The release notes for the latest z/OS C/C++ compiler are interesting. When I was at IBM they were working on “clangtana”, a clang frontend melded with the legacy TOBY backend. This really surprised me, but was consistent with the fact that the IBM compiler guys kept saying that they were continually losing their internal funding — that project was a clever way to do more with less resources. I think they’d made the clangtana switch for zLinux by the time I left, with AIX to follow once they had resolved some ABI incompatibility issues. At the time, I didn’t know (nor care) about the status of that project on z/OS.
Well, years later, it looks like they’ve now switched to a clang based compiler frontend on z/OS too. This major change appears to have a number of side effects that I can imagine will be undesirable to existing mainframe customers:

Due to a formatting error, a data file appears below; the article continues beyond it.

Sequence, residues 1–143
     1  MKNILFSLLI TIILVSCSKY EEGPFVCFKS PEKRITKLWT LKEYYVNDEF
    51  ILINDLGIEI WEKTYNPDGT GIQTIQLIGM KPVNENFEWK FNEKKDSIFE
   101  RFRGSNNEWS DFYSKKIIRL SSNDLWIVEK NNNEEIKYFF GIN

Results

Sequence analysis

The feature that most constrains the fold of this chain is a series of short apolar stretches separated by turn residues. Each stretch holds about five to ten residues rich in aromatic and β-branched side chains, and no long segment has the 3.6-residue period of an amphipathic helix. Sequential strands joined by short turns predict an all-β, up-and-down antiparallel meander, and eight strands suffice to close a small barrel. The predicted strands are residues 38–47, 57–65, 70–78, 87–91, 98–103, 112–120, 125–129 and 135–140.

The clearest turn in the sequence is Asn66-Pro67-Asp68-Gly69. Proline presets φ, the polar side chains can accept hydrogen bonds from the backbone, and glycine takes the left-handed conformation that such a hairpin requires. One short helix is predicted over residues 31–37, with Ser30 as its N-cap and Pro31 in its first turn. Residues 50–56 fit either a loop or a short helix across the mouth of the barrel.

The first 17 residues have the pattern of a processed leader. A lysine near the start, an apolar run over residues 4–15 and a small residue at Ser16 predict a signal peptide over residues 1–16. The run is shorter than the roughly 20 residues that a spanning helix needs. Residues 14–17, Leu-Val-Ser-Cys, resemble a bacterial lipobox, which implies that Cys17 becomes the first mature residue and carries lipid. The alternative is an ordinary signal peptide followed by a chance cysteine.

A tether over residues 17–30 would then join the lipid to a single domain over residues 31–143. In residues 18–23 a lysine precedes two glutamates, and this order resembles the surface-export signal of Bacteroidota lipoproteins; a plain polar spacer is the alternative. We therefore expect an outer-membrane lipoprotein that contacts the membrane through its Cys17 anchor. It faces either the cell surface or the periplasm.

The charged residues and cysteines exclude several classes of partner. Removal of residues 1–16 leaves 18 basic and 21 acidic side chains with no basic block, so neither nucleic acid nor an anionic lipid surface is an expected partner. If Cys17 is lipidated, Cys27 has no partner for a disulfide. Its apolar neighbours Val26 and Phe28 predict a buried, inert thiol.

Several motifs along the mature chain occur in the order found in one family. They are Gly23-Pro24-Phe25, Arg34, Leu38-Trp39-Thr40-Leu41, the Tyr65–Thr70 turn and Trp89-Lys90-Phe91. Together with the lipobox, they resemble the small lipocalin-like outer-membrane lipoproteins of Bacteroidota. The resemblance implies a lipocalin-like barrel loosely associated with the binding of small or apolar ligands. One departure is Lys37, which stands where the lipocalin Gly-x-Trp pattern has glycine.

- Compiler now requires POSIX(ON) and Unix System Services. No more compilation using JCL.
- Compiler support for 31-bit applications appears to be dropped (64-bit only!)
- Support for C, FASTLINK, and OS linkage conventions has been dropped (XPLINK only.)
- Only ibm-1047 is supported for both source and runtime character set encoding.
- C89 support appears to have been dropped.
- Hex floating support has been dropped.
- No decimal floating point support.
- SIMD support isn’t implemented.
- Metal C support has been dropped.
i.e. if you want C++14, you have to be willing to give up a lot to get it. They must be using an older clang, because this “new” compiler doesn’t include C++17 support. I’m surprised that they didn’t even manage multiple character set support for this first compiler release.
It is interesting that they’ve also dropped IPA and PDF support, and that the optimization options have changed. Does that mean that they’ve actually not only dropped the old Montana frontend, but also gutted the whole backend, switching to clang exclusively?